The Singing Spear by James Enge: A light but engaging tale about Morlock the maker and his clash with a thief who has gone on a rampage after stealing a magic spear Morlock invented. 7/10.
A Wizard in Wisecezan by C.J. Cherryh: Tale about a wizard who has gone into hiding after his city was taken over by a warlord and a dark wizard. One of the wizards students is compelled to aid a man in overthrowing the warlord. Very convincing voice for the student in this one. 7.5/10.
A Rich Full Week by KJ Parker: One of the gems in this collection. A moderately skilled magician is dispatched to the countryside by his order to slay a zombie, who may or may not be magically gifted as well. Nice little twists in this one. 8.5/10.
A Suitable Present for a Sorcerous Puppet by Garth Nix: Light and humorous tale about an injured knight who winds up in all sorts of trouble by trying to find a birthday present for his puppet companion. 6.75/10.
Red Pearls: An Elric Story by Michael Moorcock: Elric travels to the underside of the world in hopes of finding a white sword but is soon drawn into a family feud involving dragons, pirates and slavers. 8/10.
The Deification of Dal Barmore: A Tale from Echo City by Tim Lebbon: Another beauty. A priestess is trying to have an atheist sorcerer crucified on a wall worried that if he is rescued or dies any other way he will be deified. Highly original tale with some really interesting twists. Of all the stories in the collection this is the one that really pushed the boundaries of moral ambiguity in it's characters. 8.5/10.
Dark Times at the Midnight Market: By Robert Silverberg: Interesting if slightly predictable tale about a magical shop-owner who winds up in hot water after selling a love potion to a minor noble. 8/10.
The Undefiled by Greg Keyes: I was slightly disappointed in this one considering how much I have enjoyed Keyes work to date. A tale about fool-wolf a warrior possessed by a bloodthirsty goddess who becomes involved in a feud between the followers of two deities. Feels a little too much like a piece plucked from a larger tale. 6.75/10.
Hew the Tintmaster by Michael Shea: Humorous and it has its moments but does tend to drag at times. Tale about a barbarian warrior and a painter who are sent into the far future by a wizard to save the world by painting a mural. 6.75/10.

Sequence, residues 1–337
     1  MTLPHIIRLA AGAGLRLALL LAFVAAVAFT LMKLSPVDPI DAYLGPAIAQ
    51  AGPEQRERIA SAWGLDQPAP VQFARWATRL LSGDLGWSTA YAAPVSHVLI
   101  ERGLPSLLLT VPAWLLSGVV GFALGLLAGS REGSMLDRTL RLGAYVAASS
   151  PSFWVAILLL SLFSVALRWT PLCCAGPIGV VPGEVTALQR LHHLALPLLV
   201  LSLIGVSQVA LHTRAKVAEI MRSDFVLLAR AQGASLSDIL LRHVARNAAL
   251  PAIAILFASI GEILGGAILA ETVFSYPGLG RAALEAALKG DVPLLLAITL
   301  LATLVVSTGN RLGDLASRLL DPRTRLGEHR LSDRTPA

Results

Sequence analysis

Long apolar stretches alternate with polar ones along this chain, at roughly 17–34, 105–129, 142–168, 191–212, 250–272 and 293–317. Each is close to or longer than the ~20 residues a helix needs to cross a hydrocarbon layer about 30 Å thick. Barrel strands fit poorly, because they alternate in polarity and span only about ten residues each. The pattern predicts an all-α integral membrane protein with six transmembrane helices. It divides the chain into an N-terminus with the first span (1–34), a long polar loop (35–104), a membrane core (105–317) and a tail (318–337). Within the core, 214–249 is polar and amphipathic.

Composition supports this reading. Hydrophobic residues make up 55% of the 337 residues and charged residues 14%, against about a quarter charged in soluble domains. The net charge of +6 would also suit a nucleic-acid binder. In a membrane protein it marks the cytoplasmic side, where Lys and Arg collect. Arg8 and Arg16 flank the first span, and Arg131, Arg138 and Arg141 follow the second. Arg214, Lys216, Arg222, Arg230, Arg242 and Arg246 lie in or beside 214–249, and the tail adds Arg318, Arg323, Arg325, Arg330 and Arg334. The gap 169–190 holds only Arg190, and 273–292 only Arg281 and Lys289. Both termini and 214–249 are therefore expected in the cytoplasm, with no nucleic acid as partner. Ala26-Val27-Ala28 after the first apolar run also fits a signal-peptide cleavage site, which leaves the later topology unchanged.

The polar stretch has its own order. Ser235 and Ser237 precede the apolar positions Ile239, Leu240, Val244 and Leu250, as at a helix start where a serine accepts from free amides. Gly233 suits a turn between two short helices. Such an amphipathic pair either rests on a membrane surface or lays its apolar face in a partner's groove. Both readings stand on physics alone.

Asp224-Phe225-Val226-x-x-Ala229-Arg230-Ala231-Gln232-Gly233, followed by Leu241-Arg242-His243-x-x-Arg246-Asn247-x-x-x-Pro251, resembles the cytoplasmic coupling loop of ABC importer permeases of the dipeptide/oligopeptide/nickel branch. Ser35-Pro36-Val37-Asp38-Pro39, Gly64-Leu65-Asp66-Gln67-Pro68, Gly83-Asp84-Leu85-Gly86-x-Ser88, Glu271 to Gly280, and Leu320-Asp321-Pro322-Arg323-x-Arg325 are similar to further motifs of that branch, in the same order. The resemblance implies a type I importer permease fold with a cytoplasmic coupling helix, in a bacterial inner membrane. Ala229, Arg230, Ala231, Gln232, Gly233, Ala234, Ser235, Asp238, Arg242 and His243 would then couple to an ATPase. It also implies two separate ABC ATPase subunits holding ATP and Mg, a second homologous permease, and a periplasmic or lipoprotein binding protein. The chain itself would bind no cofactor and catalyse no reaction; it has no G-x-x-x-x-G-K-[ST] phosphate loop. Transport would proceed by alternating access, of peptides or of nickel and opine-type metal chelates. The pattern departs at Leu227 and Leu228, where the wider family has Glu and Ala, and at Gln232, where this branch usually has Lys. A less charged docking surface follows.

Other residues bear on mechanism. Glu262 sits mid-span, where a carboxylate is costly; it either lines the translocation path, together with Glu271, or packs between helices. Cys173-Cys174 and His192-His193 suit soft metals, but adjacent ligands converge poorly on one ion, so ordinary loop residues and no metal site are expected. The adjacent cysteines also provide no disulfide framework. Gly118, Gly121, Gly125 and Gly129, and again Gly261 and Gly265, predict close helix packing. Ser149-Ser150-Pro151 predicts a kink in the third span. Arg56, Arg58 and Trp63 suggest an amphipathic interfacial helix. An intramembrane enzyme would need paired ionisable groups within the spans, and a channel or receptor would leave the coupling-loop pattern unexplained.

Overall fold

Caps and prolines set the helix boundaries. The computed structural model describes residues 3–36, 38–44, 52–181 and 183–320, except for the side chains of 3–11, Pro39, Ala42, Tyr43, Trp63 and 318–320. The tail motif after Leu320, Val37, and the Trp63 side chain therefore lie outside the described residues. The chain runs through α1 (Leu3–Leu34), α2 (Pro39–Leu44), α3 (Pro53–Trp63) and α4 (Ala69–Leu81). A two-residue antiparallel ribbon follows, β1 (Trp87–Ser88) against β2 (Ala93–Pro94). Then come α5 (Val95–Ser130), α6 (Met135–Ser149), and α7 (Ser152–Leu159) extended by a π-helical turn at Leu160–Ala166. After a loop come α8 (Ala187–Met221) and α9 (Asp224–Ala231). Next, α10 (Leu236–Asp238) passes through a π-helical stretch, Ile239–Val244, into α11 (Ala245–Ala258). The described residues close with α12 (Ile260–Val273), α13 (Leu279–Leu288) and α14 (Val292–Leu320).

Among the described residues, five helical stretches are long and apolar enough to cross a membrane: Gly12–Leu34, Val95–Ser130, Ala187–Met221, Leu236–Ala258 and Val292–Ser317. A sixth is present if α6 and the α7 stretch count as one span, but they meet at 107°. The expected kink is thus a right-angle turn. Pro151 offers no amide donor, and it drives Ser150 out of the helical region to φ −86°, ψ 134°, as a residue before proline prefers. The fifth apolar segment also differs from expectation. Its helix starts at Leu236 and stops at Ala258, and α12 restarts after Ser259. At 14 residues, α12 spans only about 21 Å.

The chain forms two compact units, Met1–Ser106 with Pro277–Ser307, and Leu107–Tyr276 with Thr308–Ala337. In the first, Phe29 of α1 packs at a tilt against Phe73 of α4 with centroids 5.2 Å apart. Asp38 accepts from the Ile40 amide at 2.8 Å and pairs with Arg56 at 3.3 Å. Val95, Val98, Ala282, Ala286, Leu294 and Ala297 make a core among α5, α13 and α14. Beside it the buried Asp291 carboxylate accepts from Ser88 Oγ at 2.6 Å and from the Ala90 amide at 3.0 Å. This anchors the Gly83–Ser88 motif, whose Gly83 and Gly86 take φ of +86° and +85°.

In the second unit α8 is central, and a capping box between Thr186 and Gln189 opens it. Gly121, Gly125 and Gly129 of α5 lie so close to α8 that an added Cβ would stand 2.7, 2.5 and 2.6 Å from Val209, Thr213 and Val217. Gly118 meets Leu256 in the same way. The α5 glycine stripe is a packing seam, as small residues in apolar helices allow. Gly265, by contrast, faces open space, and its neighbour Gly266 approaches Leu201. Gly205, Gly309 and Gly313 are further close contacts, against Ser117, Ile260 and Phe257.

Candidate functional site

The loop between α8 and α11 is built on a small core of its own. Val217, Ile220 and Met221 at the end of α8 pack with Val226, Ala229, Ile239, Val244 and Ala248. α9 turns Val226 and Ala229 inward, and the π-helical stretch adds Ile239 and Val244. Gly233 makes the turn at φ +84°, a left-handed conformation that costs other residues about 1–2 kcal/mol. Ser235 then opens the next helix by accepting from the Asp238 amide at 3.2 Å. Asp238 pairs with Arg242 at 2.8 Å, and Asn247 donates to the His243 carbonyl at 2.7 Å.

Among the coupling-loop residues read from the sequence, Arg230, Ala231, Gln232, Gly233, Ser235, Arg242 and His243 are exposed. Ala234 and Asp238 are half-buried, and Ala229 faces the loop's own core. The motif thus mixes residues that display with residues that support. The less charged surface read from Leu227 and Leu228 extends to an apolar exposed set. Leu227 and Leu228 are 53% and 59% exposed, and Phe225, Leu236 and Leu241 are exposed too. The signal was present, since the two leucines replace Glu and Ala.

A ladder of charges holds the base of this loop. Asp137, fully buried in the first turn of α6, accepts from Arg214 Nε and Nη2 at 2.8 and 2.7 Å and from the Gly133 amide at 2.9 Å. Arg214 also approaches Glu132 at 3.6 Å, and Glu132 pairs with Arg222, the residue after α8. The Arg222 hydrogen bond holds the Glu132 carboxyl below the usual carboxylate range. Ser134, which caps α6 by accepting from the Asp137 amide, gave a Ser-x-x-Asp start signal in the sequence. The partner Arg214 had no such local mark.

In the Stacks by Scott Lynch: Lynch is certainly on form in this one. Tale about four wizardry students whose exam involves venturing into a semi-sentient library to return some books. 8.5/10.
Two Lions, a Witch and the War-Robe by Tanith Lee: A clever tale about two lookalike strangers who are forced to try and recover a magical robe. 7.75/10.
The Sea Troll's Daughter by Caitlin R. Kiernan: A clever-take on Beowulf. A lesbian warrior kills a troll but the village elders are reluctant to give her the reward they promised without proof. The body eventually does wash up but with tragic results. Kiernan did an excellent job in moving this one in different directions that kept the reader guessing. 8.5/10.
Thieves of Daring by Bill Willingham: Worst story in the bunch by far. I have nothing against the prose but this is nothing more than a fragment of a story that goes nowhere. Lackluster effort. 4/10.
The Fools Job by Joe Abercrombie: Story about Craw and his crew who are sent off to a village in the middle of nowhere to steal 'a thing'. Brilliant tale with Abercrombie doing what he does best. 9/10.
Overall an interesting collection and there are certainly a few authors whose work I have never encountered before who I will be following up on. 8/10.
Saturday, July 9, 2011